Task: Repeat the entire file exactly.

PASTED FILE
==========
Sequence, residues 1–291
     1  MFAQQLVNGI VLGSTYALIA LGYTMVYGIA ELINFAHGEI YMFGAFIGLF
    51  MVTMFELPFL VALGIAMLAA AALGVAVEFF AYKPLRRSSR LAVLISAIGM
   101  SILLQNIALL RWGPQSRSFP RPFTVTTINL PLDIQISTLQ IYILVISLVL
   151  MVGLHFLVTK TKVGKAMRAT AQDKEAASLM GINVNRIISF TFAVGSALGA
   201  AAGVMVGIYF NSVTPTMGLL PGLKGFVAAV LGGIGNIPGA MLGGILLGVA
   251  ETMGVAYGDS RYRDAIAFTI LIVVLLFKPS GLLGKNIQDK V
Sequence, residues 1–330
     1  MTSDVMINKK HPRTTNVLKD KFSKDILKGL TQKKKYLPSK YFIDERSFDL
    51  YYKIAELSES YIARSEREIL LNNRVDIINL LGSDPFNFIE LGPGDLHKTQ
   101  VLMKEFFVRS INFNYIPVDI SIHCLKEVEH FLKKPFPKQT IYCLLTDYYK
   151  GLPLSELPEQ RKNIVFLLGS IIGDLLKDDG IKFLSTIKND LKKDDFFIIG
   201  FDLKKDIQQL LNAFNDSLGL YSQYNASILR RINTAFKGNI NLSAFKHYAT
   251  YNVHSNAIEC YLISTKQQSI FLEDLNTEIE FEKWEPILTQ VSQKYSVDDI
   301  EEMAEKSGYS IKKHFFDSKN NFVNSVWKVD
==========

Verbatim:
Sequence, residues 1–291
     1  MFAQQLVNGI VLGSTYALIA LGYTMVYGIA ELINFAHGEI YMFGAFIGLF
    51  MVTMFELPFL VALGIAMLAA AALGVAVEFF AYKPLRRSSR LAVLISAIGM
   101  SILLQNIALL RWGPQSRSFP RPFTVTTINL PLDIQISTLQ IYILVISLVL
   151  MVGLHFLVTK TKVGKAMRAT AQDKEAASLM GINVNRIISF TFAVGSALGA
   201  AAGVMVGIYF NSVTPTMGLL PGLKGFVAAV LGGIGNIPGA MLGGILLGVA
   251  ETMGVAYGDS RYRDAIAFTI LIVVLLFKPS GLLGKNIQDK V
Sequence, residues 1–330
     1  MTSDVMINKK HPRTTNVLKD KFSKDILKGL TQKKKYLPSK YFIDERSFDL
    51  YYKIAELSES YIARSEREIL LNNRVDIINL LGSDPFNFIE LGPGDLHKTQ
   101  VLMKEFFVRS INFNYIPVDI SIHCLKEVEH FLKKPFPKQT IYCLLTDYYK
   151  GLPLSELPEQ RKNIVFLLGS IIGDLLKDDG IKFLSTIKND LKKDDFFIIG
   201  FDLKKDIQQL LNAFNDSLGL YSQYNASILR RINTAFKGNI NLSAFKHYAT
   251  YNVHSNAIEC YLISTKQQSI FLEDLNTEIE FEKWEPILTQ VSQKYSVDDI
   301  EEMAEKSGYS IKKHFFDSKN NFVNSVWKVD